Comiket is such a large-scale gathering that it changes the whole atmosphere of the neighborhood on the weekend it’s held, and with this summer’s iteration right around the corner, the local train station and convenience store are looking a lot more otaku-centric, as these photos show.

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The fastest way to open an onigiri will only take one second 【Video】

There isn’t enough praise we can give to Japanese convenience stores because they provide exactly what their name suggests, convenience. They stock all sorts of snack foods, expertly pre-prepared meals, and a wide selection of delicious rice balls. Those tasty onigiri are the perfect snack, portable, tasty and with very little waste.

But sometimes you are just so hungry that you need to be eating that onigiri right then and there. You try to quickly open the package, but it all just gets mangled instead. Fear not! RocketNews24 will show you how to open an onigiri in only one second. You won’t want to miss this video after the jump.

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Sushi chef really shreds in this new skateboarding-meets-sushi ad 【Video】

Since its creation around 150 years ago, many people have dedicated their whole lives to the art of making good sushi, and we’re certainly thankful for that.

In fact, you could say the art of preparing good sushi is kind of like learning to do tricks on a skateboard, or at least it is if you have a vivid imagination. For those of you scratching your heads, it’ll make a little more sense after watching this entertaining sushi-meets-skateboarding ad. And hey, here at RocketNews24 there’s nothing we love more than sushi and entertainment.

But Japan’s top sushi chefs don’t really need to shred a skateboard park to make good sushi… do they?

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Japan Railways recently revealed ramen-style rice balls in its convenience stores

Walk into any Japanese convenience store or supermarket, and you’ll find a row of rice balls waiting. You can always count on the old standards, such as salmon, pickled plum, and spicy cod roe being represented, but each store also sets aside a bit of shelf space for unique, limited-time versions as well.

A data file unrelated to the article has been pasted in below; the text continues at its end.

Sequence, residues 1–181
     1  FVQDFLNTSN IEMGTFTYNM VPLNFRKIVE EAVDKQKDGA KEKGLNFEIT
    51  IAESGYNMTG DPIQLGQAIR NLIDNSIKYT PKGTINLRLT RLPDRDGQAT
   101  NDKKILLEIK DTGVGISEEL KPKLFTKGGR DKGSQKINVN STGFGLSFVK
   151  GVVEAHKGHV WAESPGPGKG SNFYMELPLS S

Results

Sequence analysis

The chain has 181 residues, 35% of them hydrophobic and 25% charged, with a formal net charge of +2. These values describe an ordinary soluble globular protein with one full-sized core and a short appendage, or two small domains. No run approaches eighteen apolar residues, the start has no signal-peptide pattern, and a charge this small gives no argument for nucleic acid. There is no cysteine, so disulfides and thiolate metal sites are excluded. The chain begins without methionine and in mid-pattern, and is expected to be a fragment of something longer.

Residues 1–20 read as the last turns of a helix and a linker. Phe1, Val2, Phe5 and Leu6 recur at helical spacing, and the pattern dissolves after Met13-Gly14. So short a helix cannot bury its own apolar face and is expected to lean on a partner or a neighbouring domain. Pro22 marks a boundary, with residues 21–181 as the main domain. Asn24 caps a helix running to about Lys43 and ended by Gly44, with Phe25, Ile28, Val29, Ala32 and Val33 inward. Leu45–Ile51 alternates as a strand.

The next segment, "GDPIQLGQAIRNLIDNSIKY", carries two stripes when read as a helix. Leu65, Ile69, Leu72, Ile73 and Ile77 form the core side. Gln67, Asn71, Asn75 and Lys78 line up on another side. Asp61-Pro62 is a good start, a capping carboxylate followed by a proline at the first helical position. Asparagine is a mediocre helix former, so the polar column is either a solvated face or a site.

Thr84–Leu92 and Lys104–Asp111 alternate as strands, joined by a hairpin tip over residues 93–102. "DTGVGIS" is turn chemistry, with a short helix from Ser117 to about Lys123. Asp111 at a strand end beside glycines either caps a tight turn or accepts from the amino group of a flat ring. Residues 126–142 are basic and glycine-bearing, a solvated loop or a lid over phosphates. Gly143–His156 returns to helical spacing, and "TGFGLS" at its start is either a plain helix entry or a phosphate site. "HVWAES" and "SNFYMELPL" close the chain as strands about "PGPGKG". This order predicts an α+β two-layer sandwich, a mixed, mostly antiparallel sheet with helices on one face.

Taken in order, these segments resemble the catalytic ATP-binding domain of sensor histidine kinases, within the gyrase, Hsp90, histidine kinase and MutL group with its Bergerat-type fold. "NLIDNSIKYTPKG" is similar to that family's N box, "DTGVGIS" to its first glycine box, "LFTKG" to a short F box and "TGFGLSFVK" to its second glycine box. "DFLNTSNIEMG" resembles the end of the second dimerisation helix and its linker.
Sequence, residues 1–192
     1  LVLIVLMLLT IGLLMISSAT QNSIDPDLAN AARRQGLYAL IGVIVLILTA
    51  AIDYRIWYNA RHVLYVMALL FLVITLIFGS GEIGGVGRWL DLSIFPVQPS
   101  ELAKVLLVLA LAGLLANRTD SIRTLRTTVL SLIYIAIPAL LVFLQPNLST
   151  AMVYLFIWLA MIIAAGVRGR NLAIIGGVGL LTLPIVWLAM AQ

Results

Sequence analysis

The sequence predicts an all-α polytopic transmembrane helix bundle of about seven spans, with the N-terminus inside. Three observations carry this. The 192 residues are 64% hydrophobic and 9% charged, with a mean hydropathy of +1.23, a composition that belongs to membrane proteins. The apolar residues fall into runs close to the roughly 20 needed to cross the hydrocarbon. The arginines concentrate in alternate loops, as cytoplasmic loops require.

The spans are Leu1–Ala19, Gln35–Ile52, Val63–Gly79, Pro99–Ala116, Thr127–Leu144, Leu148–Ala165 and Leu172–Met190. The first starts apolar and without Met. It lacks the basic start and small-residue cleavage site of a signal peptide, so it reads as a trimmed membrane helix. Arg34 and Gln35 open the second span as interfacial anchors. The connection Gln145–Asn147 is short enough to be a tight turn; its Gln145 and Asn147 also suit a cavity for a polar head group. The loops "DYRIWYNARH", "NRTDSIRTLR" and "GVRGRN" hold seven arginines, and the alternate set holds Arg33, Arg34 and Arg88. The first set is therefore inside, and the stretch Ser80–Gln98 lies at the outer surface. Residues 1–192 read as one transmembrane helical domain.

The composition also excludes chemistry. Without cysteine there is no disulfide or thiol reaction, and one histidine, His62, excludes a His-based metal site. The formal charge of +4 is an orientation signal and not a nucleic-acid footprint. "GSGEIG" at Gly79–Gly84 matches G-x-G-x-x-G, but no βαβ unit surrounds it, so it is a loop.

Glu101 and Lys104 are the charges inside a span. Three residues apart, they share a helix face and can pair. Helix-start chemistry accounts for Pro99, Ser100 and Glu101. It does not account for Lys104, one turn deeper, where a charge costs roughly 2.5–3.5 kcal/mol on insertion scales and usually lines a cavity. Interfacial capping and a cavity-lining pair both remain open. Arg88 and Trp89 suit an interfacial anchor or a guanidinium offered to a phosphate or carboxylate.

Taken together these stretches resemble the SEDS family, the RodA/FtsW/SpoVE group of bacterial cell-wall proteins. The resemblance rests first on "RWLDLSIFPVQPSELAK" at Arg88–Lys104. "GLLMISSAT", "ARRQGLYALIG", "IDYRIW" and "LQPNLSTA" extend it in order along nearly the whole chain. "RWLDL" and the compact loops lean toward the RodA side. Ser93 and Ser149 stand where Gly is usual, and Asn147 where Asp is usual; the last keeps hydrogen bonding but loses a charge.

In the past, this form of carbohydrate-packed one-upmanship has given us such wonders as the bacon cheeseburger musubi and headscratchers as the fish butt onigiri (musubi being one of the Japanese words for “rice ball,” and onigiri the other). It’s always a flip of the culinary coin whether these outside-the-box rice balls are going to be a hit or a miss, but when we heard about ramen-style onigiri, we were immediately onboard.

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Mama duck goes shopping with her ducklings, takes over Lawson and Twitter with cuteness

On June 12 Twitter user @radio_skyblue12 tweeted about coming across a family of ducks during a trip to a neighborhood Lawson convenience store, uploading a photo along with the caption: “Look at these unexpected shoppers I ran into! What a surprise.”

This cute family duck photo quickly circulated around the popular social networking site, and became a hot topic among Japanese Twitter users. The post was in turn met with numerous replies, additional sightings, and other duck tales by fellow users, and has since been retweeted over 24,000 times.